Patients with advanced serious illness face many complex decisions. Patient decision aids (PtDAs) can help with complex decision making but are underutilized. This study assessed barriers and facilitators to the use of a PtDA designed for serious illness.Methods
Providers and patients were asked about their experiences in making decisions around serious illness and their opinions towards the PtDA. Seven focus groups were digitally recorded, transcribed and analysed using a general qualitative inductive method.Results
Domain 1 – clinical context within which the PtDA would be utilized including three themes: (1a) role: PtDA might compete with the physician's role; (1b) logistics: it was unclear when and how such a PtDA should be implemented; and (1c) meaning: what it will mean to the patient if the physician recommends viewing of this PtDA. Domain 2 – broader global context: (2a) death-denying culture; and (2b) physician concerns that the PtDA was biased towards palliative care.Conclusion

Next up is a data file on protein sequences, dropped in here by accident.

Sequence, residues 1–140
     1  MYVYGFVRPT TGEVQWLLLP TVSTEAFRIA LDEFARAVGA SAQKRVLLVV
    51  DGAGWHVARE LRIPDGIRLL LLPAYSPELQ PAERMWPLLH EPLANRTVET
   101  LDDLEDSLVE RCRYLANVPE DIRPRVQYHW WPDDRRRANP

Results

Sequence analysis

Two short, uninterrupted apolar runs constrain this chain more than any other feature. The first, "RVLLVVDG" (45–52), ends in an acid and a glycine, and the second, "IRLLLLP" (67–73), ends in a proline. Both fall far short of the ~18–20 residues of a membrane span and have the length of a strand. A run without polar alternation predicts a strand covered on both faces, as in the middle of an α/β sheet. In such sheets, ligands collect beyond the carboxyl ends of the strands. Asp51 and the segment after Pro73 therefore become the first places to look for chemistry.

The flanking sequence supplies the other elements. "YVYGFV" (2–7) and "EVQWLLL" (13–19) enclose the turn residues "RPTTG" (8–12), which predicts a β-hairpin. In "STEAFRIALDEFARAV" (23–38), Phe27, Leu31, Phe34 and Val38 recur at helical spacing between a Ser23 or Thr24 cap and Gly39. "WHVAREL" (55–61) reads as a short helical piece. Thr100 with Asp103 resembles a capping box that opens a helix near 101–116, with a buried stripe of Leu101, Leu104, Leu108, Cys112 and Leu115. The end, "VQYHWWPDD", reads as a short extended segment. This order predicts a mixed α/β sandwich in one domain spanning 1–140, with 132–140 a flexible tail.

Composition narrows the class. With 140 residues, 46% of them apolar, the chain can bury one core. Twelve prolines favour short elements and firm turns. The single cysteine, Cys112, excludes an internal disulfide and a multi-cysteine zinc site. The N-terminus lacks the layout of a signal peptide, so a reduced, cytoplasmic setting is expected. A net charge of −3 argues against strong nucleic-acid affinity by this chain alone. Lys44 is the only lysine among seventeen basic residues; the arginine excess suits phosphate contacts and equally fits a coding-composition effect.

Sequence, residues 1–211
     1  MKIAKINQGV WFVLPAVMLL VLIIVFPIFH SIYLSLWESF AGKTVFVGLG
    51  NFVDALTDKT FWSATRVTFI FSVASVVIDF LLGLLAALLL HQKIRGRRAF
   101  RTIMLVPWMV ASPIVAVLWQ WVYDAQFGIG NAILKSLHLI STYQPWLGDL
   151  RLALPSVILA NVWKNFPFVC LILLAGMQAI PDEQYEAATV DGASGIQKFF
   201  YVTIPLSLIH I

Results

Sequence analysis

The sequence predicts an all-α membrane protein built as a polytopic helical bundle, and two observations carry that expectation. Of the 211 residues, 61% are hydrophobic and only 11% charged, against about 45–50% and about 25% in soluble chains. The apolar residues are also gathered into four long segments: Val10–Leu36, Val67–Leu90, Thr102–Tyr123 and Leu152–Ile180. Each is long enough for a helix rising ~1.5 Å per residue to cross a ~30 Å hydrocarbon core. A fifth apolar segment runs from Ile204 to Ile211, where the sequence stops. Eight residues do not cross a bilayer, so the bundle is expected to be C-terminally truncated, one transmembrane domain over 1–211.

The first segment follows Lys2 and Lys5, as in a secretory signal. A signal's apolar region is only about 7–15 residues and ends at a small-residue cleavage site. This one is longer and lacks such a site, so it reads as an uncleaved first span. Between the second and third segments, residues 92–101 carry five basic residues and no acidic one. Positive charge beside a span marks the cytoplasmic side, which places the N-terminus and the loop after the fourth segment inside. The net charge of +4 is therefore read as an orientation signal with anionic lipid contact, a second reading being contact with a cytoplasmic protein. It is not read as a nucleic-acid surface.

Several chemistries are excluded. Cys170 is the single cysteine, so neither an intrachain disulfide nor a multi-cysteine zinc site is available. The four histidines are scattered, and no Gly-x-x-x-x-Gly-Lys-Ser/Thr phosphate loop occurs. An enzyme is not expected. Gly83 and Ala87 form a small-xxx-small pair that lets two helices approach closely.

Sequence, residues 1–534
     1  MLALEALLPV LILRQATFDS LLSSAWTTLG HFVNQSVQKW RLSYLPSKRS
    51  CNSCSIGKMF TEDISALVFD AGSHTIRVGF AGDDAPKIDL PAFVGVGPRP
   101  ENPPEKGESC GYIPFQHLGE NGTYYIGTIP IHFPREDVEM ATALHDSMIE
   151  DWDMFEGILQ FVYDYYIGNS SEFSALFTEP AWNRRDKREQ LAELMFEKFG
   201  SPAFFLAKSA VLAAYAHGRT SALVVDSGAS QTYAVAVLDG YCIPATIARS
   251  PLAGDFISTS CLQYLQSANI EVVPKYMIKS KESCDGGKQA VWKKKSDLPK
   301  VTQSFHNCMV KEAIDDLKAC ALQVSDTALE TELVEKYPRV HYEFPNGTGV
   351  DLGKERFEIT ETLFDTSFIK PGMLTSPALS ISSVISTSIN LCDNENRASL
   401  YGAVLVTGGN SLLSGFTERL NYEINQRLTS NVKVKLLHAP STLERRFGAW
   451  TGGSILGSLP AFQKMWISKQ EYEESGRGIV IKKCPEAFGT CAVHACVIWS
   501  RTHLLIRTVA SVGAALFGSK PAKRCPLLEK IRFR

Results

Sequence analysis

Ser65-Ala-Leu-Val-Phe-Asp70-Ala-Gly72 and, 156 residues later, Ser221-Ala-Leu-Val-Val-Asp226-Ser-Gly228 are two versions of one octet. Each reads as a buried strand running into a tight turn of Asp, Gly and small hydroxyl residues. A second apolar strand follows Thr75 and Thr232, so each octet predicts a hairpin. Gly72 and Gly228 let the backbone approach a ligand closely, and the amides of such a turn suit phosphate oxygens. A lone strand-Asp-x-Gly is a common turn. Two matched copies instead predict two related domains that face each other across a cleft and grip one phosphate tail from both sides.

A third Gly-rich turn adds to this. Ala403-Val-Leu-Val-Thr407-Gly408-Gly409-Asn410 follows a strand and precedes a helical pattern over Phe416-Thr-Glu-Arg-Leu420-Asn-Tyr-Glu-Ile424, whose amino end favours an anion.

Physicians' concerns were rooted in deeper concerns about palliative care and a death-denying culture. Patients were more open to using the PtDA than physicians, suggesting ‘it's never too early’.Practice Implications
PtDAs for serious illness can maximize early opportunities for goals of care conversations and shared decision making.